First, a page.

By Graeme MacKay, The Hamilton Spectator – Friday, April 11, 2014
Jim Flaherty’s personal touch was a rarity on Parliament Hill: Greg Weston
Jim Flaherty was promising improvements to a federal disability savings plan that helps parents of special needs children when the tears started welling behind his glasses, a few drops at first, then more and more until the nation’s finance minister was openly sobbing on live television.
“The politician lost to the parent on that one,” he later told a friend.
Thursday, it was his critics’ turn to cry.
One after another, opposition MPs who have made a career of publicly savaging Flaherty across the floor of the Commons were dissolving in tearful grief over the sudden death of a man they now call a friend.
It was an extraordinary sight rarely seen in Canadian politics, MPs of all political stripes clearly mourning more than the loss of a fellow parliamentarian.
In Jim Flaherty, their loss seemed deeply personal.
NDP leader Tom Mulcair completely choked up when he got to the words: “He was a good person.”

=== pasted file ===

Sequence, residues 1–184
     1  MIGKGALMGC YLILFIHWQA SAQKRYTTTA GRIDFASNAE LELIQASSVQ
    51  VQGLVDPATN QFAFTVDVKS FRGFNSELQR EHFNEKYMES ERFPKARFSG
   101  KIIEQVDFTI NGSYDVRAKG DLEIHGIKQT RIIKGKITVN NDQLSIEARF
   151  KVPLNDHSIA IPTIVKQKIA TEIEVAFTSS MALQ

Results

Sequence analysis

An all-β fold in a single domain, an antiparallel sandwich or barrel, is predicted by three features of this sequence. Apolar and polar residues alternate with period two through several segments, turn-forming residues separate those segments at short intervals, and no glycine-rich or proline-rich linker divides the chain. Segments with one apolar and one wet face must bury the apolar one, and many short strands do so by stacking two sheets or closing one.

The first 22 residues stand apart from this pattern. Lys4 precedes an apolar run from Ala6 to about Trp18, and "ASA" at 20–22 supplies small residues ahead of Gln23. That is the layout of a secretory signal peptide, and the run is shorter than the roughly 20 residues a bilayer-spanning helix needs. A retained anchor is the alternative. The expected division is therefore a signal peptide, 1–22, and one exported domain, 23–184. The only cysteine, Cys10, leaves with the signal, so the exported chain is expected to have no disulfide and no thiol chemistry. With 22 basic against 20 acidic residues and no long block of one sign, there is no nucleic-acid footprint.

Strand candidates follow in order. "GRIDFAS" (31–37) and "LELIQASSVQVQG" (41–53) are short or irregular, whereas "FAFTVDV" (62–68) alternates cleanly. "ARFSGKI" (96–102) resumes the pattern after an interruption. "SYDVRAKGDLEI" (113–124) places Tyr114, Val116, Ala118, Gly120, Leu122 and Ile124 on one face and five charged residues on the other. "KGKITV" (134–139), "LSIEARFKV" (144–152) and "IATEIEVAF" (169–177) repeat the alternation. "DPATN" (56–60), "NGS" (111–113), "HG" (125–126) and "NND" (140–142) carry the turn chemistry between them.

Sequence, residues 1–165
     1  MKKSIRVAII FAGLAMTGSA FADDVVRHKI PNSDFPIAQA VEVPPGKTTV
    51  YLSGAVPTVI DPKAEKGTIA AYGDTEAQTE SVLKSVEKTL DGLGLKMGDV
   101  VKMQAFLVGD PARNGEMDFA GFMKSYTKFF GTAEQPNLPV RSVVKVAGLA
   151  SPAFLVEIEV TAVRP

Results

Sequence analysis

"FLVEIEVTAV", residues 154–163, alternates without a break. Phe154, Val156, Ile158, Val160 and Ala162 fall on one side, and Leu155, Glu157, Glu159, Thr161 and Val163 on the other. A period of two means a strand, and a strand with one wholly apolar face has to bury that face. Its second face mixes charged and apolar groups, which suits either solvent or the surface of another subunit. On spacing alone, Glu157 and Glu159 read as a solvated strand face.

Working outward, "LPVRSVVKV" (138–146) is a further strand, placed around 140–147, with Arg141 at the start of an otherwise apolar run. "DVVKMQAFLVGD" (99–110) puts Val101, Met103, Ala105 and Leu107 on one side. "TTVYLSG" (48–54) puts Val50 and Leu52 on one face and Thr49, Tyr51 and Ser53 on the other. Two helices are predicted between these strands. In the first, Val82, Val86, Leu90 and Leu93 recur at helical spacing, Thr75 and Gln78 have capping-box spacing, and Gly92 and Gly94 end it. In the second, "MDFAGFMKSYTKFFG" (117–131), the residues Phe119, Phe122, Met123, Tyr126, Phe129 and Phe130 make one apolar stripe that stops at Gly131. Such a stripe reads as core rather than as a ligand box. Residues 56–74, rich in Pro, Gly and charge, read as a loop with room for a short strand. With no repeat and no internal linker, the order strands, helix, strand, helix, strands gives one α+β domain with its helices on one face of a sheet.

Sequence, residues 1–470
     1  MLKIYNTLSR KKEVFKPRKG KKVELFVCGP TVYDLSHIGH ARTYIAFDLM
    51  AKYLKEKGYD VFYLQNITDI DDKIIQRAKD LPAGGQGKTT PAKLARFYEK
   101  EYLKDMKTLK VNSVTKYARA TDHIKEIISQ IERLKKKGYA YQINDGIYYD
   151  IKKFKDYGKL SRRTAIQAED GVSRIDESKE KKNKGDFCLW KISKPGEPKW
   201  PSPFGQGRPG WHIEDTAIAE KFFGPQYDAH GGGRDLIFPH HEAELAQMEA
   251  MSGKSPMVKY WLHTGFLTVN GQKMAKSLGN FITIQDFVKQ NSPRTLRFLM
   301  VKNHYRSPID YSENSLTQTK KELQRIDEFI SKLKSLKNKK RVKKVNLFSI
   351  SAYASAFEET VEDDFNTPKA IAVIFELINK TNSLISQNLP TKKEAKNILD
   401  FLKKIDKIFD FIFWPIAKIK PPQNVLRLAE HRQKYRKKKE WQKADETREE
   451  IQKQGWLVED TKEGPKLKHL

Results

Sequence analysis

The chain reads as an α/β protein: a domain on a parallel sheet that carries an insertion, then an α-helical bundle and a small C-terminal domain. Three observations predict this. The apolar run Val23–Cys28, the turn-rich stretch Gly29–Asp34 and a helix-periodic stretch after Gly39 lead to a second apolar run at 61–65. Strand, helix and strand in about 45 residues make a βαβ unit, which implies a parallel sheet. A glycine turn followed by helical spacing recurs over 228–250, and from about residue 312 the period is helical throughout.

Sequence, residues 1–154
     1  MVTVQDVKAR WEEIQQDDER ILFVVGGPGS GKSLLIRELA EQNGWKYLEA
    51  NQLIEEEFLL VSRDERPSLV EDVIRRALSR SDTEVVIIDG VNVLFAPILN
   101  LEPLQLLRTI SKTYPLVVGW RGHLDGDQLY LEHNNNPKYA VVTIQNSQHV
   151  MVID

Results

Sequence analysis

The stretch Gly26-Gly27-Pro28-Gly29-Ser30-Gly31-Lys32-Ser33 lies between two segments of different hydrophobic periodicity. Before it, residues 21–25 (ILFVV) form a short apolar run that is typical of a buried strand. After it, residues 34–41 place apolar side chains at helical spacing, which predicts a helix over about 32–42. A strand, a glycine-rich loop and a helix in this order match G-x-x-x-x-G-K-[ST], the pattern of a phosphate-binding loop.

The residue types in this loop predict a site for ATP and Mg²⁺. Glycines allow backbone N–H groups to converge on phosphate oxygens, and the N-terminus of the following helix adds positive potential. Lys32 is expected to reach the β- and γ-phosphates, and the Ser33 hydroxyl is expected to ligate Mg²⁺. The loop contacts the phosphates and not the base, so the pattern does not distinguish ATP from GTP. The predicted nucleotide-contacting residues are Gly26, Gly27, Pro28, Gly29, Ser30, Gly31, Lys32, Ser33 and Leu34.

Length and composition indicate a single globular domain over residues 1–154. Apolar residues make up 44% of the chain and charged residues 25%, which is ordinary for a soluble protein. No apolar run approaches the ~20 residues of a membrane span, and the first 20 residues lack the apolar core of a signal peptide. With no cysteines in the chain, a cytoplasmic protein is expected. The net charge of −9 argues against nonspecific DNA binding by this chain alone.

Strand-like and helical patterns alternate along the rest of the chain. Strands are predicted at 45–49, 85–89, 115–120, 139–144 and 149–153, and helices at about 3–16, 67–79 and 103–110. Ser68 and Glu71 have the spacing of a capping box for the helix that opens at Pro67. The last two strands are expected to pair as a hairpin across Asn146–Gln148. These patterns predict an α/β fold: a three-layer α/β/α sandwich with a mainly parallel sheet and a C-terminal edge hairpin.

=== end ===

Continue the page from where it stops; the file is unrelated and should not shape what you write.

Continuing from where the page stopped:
NDP MP Charlie Angus, a well-known Commons scrapper, started to tell a story about Flaherty, but fell apart in tears before he could finish.
Liberal finance critic Ralph Goodale said Flaherty had the extraordinary ability to get into a no-holds-barred donnybrook in Parliament “but somehow managed to leave you more chuckling than angry.”
Green Party Leader Elizabeth May said tearfully: “I disagreed with his policies, but that doesn’t mean I wasn’t very, very fond of him.”
One of Flaherty’s long-time loyal aides, Chisholm Pothier, says in many ways the affable former finance minister was “an old-style politician,” a throwback to the days when MPs could be foes in the Commons and still be friends at the bar.
Pothier says Flaherty wouldn’t hesitate to invite one of the opposition finance critics out for a drink. He liked most of them. And they liked him. (Source: CBC News)